After being told the club was not able to wear its famous heritage jumper twice a year in Showdown's, Port Adelaide changed into their famous jumper to sing the club song after their 49-point win over the Crows.
If there ever was a statement by a club or franchise that essentially told the entire league honchos where to go, then Port Adelaide’s decision to change into their prison bar jumper post Showdown to sing the club song was it.
As you can imagine the move was met with some who loved it (me included and even my father-in-law who supports the Crows) and others who utterly condemned it. Perhaps the biggest thing to come out of Port’s “statement” was that the AFL was fine with what the club did. No please explain from the club was needed and that speaks volumes.
Now I can not speak for every Port Adelaide fan but personally, it was fantastic. The fact that the whole club bought into the idea and that it was player-driven (Tom Jonas and other senior players) just shows how much it means to not only the fans but the players as well.
Skipper Tom Jonas spoke on The Sunday Footy Show and responded to the criticism of the players swapping jumpers post-game:
I think it was only a small statement for the significance of what the jumper means to our club and our people," Jonas said.
"We wanted to, as players, show them how important it is to us too. Disappointing not to be able to wear it during the game and I thought that was quite fitting."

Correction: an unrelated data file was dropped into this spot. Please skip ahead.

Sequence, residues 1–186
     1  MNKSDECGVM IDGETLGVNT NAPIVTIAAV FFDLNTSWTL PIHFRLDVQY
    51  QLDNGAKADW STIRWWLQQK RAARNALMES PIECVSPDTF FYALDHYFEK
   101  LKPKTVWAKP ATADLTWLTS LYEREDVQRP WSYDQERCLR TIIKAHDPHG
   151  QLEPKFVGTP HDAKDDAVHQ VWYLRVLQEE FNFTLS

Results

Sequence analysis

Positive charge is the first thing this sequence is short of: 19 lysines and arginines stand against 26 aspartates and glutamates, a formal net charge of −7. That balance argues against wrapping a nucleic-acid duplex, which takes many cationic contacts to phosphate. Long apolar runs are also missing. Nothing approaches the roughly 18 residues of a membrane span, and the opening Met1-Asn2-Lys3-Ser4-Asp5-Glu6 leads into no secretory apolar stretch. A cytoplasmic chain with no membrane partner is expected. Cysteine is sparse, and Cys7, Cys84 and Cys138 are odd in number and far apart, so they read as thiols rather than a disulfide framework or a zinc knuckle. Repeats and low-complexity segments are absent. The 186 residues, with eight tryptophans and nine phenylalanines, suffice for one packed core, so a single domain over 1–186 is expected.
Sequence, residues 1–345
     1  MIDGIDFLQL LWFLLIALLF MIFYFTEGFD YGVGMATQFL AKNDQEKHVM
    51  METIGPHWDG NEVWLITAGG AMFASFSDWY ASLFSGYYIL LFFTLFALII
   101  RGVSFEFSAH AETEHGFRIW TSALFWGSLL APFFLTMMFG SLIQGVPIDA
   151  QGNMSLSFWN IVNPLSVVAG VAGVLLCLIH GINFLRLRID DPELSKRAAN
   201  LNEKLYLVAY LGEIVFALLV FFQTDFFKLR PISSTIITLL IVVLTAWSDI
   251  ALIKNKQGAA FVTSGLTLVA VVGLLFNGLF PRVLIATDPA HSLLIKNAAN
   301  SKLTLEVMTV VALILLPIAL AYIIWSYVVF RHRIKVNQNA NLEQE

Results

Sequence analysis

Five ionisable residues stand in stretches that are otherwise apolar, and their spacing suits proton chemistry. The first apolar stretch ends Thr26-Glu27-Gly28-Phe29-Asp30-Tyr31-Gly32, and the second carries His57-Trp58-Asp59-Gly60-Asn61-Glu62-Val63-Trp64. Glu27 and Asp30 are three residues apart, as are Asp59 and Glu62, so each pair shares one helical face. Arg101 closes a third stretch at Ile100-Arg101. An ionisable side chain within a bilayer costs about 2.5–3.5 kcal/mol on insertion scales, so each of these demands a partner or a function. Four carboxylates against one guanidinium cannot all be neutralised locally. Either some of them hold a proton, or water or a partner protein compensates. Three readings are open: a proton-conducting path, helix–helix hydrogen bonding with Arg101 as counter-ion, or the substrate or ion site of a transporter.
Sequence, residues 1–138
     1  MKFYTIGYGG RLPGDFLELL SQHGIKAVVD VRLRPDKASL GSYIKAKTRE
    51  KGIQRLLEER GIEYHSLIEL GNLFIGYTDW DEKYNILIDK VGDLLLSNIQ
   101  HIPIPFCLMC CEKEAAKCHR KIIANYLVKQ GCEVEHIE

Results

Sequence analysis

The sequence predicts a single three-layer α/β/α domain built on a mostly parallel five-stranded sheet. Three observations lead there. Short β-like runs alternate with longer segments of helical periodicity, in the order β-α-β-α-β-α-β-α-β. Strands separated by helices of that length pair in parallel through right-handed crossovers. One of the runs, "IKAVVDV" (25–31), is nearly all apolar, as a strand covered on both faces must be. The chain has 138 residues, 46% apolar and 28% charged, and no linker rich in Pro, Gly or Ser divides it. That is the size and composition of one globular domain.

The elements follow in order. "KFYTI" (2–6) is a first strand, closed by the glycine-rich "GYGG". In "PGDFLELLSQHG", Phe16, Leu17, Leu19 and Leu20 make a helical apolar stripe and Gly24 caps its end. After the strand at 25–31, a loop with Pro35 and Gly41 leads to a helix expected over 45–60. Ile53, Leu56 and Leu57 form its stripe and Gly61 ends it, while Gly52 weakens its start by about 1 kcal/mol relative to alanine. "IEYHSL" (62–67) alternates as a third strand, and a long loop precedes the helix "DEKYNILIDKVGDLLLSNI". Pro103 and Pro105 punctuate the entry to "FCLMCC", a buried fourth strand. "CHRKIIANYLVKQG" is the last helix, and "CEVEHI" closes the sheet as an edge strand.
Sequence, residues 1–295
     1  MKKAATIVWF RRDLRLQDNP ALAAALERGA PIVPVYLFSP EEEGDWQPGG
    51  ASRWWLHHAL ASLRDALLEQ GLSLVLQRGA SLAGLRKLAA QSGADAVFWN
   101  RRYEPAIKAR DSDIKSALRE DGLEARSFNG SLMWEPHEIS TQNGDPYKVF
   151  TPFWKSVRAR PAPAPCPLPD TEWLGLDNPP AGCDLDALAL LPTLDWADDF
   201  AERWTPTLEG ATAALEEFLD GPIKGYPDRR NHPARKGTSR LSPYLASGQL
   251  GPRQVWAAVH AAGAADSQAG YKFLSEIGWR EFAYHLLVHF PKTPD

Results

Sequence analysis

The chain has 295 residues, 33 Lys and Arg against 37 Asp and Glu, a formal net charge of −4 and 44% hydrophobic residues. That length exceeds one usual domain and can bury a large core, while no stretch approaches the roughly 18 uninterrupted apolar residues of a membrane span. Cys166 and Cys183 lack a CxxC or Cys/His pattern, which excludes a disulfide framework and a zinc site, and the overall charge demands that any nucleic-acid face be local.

Former Bomber legend Matthew Lloyd didn’t mind Port Adelaide’s actions after the game either:
"What's wrong if they do make it an up-yours, to say, 'You're not allowing us, AFL, to wear it on game day. We're not just going to lie down, we're going to make a statement after the game."
The fact that this situation is still going on is a little laughable, to be honest. It is not like the club is asking for it to be our primary jumper for the season. All they are asking is to where it in two games a year. Surely that is not an unreasonable request.
What Saturday night’s stunt does show us is that the club as a whole will not back down from this issue anytime soon and it almost feels like in the long term, it will be better for both Port Adelaide and the AFL to agree on something.
The funny thing to me is that we have hardly heard publicly from Collingwood on this issue, rather their ex-president in Eddie McGuire who now is no more than a glorified member of the club. Why he still has so much power over the AFL is bewildering to me and likely to many others as well.
The one thing I will say on this issue and echo Kane Cornes’ sentiment is that it is time to put it behind us now. We have made our statement, we put the prison bar jumper on post-game but now it is time to put that all on the back-burner and to focus on the huge challenge that the Western Bulldogs present them.
To see the entire playing group don the prison bar jumper to sing the song is probably the best Port Adelaide moment I have seen since the 2004 premiership win. You could see how much it mean to the players and doing it after brushing aside their bitter rivals just added the sugar on top of what was overall, a decent night for Ken Hinkley and his side.
To essentially give the middle finger to the AFL, Collingwood and Eddie McGuire has been seen as a risky move and has been met with backlash, but for me, it was worth it just to show that we as a club are not giving up on this anytime soon.